The 3 Big Football Injuries You Should Know About
How many times have we heard or read words like these in the sports section of the newspaper:
In sports news today, [YOUR FAVORITE FOOTBALL TEAM!] fans are devastated to find that [YOUR FAVORITE FOOTBALL STAR!] has suffered a season-ending injury.
Injuries happen. Unfortunately, they are an all-too-common scenario in football. Despite the countless hours of dedicated training it literally takes milliseconds for an injury sideline a player, sometimes for the rest of the season. Given the size and speed of these athletes, it should be no surprise that football has the highest rate of injury of any other American sport.
Most football injuries occur in the knee. The three most common types of injury are the MCL sprain, the meniscus tear and the ACL tear. Luckily, sports medicine-trained orthopedic surgeons have developed various techniques to help our players get back on the field as soon as possible. Here’s a closer look at these three big injuries, how they are treated, and their potential impact to return-to-play.
The MCL Sprain
The Medial Collateral Ligament (MCL) is a strong ligament located on the “inside” portion of the knee. It is made up of two bands and connects the femur and tibia bones. The primary job of this ligament is to prevent side-to-side motion of the knee, along with the lateral collateral ligament and other structures. This is the most common knee injury in football players at the high school, collegiate, and professional level, typically in offensive and defensive linemen. These injuries are graded from minor (grade I) to severe (grade III). Grades I and II injuries are typically treated non-surgically with physical therapy, activity modifications, and sometimes bracing. Anti-inflammatories and icing can help with pain and swelling. Typical return to play occurs anywhere from several weeks to two months, whenever symptoms improve. Grade III injuries typically occur with other injuries, such as an ACL tear, and so treatment of these injuries varies.
The Meniscus Tear
Almost everyone has a friend or relative that has had a “knee cleanout” because of a torn meniscus. These are common injuries in the general population and are also common in football players. The meniscus is a crescent-shaped piece of cartilage located between the tibia and femur bones. There are two crescents, one on the inside (medial) and one on the outside (lateral) parts of the joint. These injuries typically occur when the knee is flexed and twisted, which puts the greatest amount of stress on the meniscus. They can be relatively minor, causing discomfort and swelling, to relatively major, causing mechanical knee problems such as locking on instability. Treatment is based on symptoms but often include surgery. Meniscus tears often occur with other knee injuries, so treatment must be tailored to the circumstances. Surgery is done by arthroscopy (a “scope”), where small tools are used through two small poke holes in front of the knee to trim away the damaged meniscus. Following surgery players can gradually return to play when symptoms improve, usually after three to four weeks.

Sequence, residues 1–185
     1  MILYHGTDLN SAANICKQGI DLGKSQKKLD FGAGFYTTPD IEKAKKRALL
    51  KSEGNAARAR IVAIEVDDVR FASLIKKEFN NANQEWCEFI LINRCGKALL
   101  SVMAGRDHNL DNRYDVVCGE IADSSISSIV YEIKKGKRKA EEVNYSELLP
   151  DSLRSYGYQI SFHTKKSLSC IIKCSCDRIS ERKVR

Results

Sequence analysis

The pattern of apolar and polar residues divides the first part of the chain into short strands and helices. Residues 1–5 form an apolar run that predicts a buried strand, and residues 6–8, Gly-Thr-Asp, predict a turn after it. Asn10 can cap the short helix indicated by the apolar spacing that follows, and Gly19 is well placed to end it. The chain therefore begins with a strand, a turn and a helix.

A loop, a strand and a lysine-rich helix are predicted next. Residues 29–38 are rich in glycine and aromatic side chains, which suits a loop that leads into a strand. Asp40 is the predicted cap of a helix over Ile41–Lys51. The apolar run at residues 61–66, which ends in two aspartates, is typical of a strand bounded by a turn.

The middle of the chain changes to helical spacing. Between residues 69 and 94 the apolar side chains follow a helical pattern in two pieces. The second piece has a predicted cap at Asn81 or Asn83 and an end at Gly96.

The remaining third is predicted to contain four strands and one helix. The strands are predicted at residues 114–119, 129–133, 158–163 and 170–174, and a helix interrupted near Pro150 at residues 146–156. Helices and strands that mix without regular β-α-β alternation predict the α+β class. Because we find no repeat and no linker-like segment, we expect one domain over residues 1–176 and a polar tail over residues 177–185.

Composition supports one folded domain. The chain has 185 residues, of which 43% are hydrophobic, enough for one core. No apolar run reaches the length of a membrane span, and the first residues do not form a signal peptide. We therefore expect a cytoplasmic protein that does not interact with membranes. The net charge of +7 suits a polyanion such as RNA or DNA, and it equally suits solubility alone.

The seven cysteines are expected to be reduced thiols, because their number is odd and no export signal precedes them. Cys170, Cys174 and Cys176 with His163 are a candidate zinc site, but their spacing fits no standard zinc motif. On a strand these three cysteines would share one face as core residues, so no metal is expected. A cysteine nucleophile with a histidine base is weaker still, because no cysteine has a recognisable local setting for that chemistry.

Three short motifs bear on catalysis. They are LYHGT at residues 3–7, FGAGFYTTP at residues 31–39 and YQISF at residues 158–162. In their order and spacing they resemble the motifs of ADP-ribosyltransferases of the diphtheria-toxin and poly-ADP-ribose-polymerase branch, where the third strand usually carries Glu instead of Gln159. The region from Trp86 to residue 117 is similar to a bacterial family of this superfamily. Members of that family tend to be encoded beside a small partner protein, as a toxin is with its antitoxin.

The ACL Tear
Last but certainly not least, ACL tears occur often in both football players and other athletes. The most common major knee injury to occur in football is a rupture of the ACL (anterior cruciate ligament). The ACL is the most important structure preventing the tibia bone from moving too far forward of the femur bone. These ruptures are the result of both contact and non-contact injuries. Running backs and linebackers are the highest risk positions. When these injuries make the news, we know a player will be out for the season. That’s because ACL tears are usually reconstructed with surgery, and the rehab from these surgeries is lengthy. Return to play make take anywhere from six to nine months; sometimes up to a full year. Surgery itself involves reconstructing the ligament with another ligament, either harvested from somewhere else in the body, from a cadaver donor, or a combination of both. As mentioned these injuries often occur with other injuries, so treatments are tailored to the individual. When players do go back, a brace may be worn to help protect the new ACL. In some locations, bracing may be required for certain positions to help prevent ACL injuries. This practice remains controversial.
Sal Rondinelli, PA-C is a physician assistant with OrthoCarolina’s Sports Medicine Center.